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 CLT Overview
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An Overview of Communicative Language Teaching (CLT)

by Dr. Alexandra Rowe with acknowledgment to Lish Simpson, M.A., University of South Carolina

1.0 What is CLT?  CLT is a language teaching approach based on the linguistic theory of communicative competence.  Developing communicative competence in learners is the goal of CLT.  CLT emphasizes “humanism,” which focuses on students’ needs and individual affective factors; advocates several language-learning principles, as opposed to an articulated learning theory; and draws from several language teaching methods.  Therefore, CLT is an approach rather than a method of English language teaching (ELT).

2.0 Where did CLT originate and why is it so popular?  CLT was developed in the UK in the 1960s and 1970s and popularized by the British Council and the Council of Europe.  CLT was a reaction to language teaching methods that seemed ineffective (e.g., grammar/translation [GT], audiolingual method [ALM]) in developing learners “who can communicate both orally and in writing with native speakers in a way appropriate to their mutual needs”  (Ellis, p. 214). English has become the international language of commerce, science, and technology.  As a result, many people around the world are now experiencing “English fever,” which is a great desire to learn English, especially how to engage in conversation in English.

3.0 What are the features of CLT?
3.1 Focus on negotiation of meaning and meaningful communication (rather than linguistic structures)
3.2 Focus on active learning and active learners (collaboration among learners and purposeful interactions)
3.3 Focus on the affective domain of the classroom and creating a language-learning environment that supports risk-taking by the learners, i.e., a community of learners
3.4 Focus on “whole learner,” i.e., learner with his/her own learning style + person with emotions and individual needs
3.5 Focus on teachers as facilitators
3.6 Use of “authentic” materials, i.e., materials aimed at native English speakers rather than ESL learners, and realia, i.e., real objects from a native-English speaking culture, such as an advertisement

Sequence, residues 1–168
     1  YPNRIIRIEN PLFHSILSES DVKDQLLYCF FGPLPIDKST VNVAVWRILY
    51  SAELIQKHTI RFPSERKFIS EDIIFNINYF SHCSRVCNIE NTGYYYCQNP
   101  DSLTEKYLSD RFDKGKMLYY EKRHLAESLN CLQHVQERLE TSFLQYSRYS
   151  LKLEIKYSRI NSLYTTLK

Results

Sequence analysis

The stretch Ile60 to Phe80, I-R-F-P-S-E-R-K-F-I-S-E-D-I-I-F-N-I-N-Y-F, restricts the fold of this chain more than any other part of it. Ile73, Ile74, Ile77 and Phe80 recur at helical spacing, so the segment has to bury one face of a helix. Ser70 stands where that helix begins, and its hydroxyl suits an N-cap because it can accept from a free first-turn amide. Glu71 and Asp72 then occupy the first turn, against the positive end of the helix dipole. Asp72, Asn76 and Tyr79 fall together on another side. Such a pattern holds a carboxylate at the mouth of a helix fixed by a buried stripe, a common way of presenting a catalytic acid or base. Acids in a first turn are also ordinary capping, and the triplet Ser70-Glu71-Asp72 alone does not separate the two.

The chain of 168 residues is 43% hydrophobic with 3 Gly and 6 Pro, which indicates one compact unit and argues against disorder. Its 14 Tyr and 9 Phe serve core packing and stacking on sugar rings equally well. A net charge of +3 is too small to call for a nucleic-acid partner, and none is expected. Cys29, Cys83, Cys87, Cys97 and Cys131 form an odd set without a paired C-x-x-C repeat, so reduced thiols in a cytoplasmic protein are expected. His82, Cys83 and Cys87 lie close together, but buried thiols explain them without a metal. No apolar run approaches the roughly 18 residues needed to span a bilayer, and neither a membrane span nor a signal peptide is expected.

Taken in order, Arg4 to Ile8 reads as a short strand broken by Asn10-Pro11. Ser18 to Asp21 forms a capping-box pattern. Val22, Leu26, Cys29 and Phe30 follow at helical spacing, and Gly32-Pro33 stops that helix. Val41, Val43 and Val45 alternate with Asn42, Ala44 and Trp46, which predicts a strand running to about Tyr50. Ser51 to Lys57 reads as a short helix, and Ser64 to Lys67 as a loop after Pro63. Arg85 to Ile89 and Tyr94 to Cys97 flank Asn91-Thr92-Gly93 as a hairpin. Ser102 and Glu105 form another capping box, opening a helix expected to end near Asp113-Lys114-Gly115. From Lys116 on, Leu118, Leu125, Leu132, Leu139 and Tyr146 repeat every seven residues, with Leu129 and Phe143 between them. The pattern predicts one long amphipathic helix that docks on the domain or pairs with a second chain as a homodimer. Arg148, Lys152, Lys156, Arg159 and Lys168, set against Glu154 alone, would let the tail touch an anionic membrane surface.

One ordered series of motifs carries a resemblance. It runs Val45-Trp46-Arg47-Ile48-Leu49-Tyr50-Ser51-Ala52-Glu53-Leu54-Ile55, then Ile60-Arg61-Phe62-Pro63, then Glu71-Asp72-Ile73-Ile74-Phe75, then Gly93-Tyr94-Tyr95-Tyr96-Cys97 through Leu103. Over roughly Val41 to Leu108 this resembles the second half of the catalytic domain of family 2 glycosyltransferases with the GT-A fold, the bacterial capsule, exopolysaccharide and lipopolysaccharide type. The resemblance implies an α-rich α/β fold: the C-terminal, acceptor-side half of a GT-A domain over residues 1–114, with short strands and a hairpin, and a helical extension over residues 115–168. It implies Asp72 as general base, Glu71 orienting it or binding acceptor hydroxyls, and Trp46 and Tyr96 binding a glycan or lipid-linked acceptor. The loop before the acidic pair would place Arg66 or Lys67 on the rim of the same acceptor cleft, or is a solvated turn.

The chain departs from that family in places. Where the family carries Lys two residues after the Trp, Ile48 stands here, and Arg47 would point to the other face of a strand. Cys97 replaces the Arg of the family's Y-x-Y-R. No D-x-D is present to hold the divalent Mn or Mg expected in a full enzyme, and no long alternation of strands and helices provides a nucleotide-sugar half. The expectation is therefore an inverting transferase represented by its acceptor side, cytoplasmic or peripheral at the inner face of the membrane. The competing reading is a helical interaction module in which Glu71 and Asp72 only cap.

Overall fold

3.7 Use of a variety of strategies, which address different learning styles and language skills
3.8 Tolerance for errors
3.9 Teaching of target language culture(s) to accompany language teaching

4.0 What are some common misconceptions regarding CLT?
4.1 CLT does not teach grammar.
It was Stephen Krashen, not CLT advocates, who spoke against explicit grammar teaching.  Dr. Krashen’s second language acquisition (SLA) theory, the Monitor Model, inspired the development of the Natural Approach and Focal Skills in ELT.  CLT advocates urge that grammar be taught inductively (guiding students to discover the rules themselves, as in linguistics data problems) rather than deductively (the teaching of rules).  However, because adult learners possess analytical skills, they sometimes demand and often benefit from explicit grammar teaching.  Grammatical analysis and drills do not dominate CLT classrooms because CLT teachers realize that learners learn more by using the language than by learning about the language.
4.2 CLT teaches only speaking.
CLT is based on the linguistic theory of communicative competence, which includes more than just negotiating meaning through oral interaction alone.  Communicative competence includes the following components: grammatical competence, psychomotor (pronunciation) competence, lexical (vocabulary) competence, discourse (overall organization of an oral or written utterance, coherence or unity of topic, and cohesion or sentence-to-sentence fluency) competence, strategic (overall fluency and linguistic spontaneity) competence, sociolinguistic (cross-cultural awareness) competence, and pragmatic (culturally appropriate rhetoric and paralinguistic behaviors) competence.
4.3 CLT uses only pair work and/or group work in the classroom.
CLT teachers tend to use a lot of pair work and group work in the classroom in order to highlight the interactional nature of real language.  However, individual work is also a part of a CLT classroom.
4.4 CLT uses only English in the classroom.
The CLT teacher does not hesitate to use the learners’ native language to expedite learning.  Usually such native language use is limited to clarifying a vocabulary item or a complex grammatical structure.  
4.5 CLT encourages fossilization in learners.
CLT teachers tolerate errors, but they are aware that developing communicative competence includes learners’ developing interlanguages, or learners’ own understanding of how the language works, which is often flawed until learners develop a higher proficiency level of their interlanguages.  CLT teachers look for patterns of errors in a learner, rather than all the mistakes, and the CLT teachers correct the patterns.  CLT teachers do not focus on accuracy at the expense of fluency or communicativeness.  CLT teachers aim first for fluency, then for accuracy.

5.0 What are some barriers to CLT?
5.1 High English language proficiency required of teachers
5.2 Test preparation required of teachers/ use of national, regional, and/or local non-communicative tests
5.3 Large class sizes (e.g., 50-60 students in a single class) for one teacher to handle
5.4 Fixed furniture, physically small classroom
5.5 Lack of teacher training in effective CLT strategies
5.6 Lack of practice among teachers in using effective CLT strategies
5.7 Expected classroom behavior among teachers and students in certain cultures